Too many guitar virtuosi succumb to the temptation to overplay everything. Hackett nearly always sounds tasteful and his solos are in the service of the song rather than the other way 'round.

Paul Boudreau's picture

Thanks for the terrific interview with SH. I had the good fortune to attend one of the Pavillon de Paris shows in 1977 (the venue was colloquially known as “The Slaughterhouse”) and it was a great show as well as probably the best-sounding large show I’d ever heard, unlike some recent ones that were so loud they were a blur (King Crimson and Midnight Oil come to mind). A concert doesn’t have to be deafening to be enjoyable!

Mike Mettler's picture
Amazing to hear that re your 1977 Paris - Genesis experience, especially in regard to the sound! I semi-recently saw the Crims at an open-air venue in Toronto on September 14, 2019, so volume wasn't as issue there -- at least not for me. I can say the loudest show I've attended was AC/DC in East Rutherford, NJ, during the Razors Edge tour, on November 11, 1990.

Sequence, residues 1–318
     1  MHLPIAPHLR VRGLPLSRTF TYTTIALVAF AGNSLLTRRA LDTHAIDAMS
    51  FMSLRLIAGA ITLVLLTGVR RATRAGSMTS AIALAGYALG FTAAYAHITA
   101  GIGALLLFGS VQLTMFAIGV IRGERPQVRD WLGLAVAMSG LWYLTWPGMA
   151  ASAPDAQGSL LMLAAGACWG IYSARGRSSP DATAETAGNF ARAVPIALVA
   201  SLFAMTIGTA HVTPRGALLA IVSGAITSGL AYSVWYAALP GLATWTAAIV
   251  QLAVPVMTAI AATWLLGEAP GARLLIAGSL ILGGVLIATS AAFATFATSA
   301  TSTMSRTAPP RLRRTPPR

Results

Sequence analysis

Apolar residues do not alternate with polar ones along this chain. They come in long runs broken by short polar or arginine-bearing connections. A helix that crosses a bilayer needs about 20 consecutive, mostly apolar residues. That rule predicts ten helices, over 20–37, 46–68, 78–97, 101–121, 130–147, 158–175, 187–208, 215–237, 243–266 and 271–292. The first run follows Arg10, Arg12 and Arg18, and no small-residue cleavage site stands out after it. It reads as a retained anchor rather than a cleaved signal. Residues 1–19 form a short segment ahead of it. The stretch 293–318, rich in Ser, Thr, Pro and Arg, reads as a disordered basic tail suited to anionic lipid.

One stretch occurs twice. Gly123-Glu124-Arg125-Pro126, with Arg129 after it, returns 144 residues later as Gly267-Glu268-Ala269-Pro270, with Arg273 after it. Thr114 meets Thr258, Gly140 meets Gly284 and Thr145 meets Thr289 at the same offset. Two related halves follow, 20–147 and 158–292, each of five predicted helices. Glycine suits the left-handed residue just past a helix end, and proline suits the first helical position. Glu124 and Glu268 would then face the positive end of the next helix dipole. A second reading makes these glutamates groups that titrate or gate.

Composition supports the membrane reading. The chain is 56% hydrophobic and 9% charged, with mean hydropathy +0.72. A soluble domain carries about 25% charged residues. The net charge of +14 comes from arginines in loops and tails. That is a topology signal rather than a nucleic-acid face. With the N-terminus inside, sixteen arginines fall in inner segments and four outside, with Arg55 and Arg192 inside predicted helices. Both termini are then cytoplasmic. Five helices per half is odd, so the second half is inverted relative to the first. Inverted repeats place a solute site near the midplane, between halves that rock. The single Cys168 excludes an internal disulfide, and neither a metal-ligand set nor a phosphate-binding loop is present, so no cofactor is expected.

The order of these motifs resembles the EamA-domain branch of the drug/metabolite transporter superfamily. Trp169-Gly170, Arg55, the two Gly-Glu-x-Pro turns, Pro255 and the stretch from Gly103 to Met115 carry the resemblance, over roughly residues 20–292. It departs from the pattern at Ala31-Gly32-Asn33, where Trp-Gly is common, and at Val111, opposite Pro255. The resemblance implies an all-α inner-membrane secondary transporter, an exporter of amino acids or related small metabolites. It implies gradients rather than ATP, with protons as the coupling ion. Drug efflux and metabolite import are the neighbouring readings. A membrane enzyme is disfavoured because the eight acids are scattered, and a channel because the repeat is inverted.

Paul Boudreau's picture

The Oils show was so loud I felt it on my face! For small venues it would have to be Robin Trower and Junior Brown, both at the Birchmere in Northern VA - i left after a bit and watched the rest of the shows on the vid screen in the bar area. All of the above with earplugs in, mind you.

Tom L's picture

Tied for loudest shows I have ever experienced-
Beck, Bogert & Appice at Kiel Auditorium, St. Louis, MO on 4/3/1973
Had to go outside despite using earplugs, could still hear clearly from the parking lot.
Hot Tuna at Cain's Ballroom, Tulsa, OK on 4/11/1975
Had tickets for the second set, heard the first set perfectly from outside. Jorma had a row of Marshall stacks AND a row of Orange 100-watt stacks, Jack had a stack of cabs that he bought from the Grateful Dead (just like the bass setup from their famous Wall of Sound) that reached out of sight above the stage.